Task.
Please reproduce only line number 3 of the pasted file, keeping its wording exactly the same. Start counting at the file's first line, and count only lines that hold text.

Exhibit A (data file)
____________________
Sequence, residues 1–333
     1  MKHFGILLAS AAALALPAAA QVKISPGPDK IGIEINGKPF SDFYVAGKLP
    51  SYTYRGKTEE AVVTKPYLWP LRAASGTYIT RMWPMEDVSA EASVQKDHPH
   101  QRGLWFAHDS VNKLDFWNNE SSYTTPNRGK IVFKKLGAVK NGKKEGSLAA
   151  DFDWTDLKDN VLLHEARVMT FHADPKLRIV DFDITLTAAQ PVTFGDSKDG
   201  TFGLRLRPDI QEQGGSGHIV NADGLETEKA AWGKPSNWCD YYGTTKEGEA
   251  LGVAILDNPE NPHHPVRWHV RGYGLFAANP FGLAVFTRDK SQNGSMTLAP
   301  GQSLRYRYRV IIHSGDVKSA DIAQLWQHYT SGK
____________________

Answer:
    51  SYTYRGKTEE AVVTKPYLWP LRAASGTYIT RMWPMEDVSA EASVQKDHPH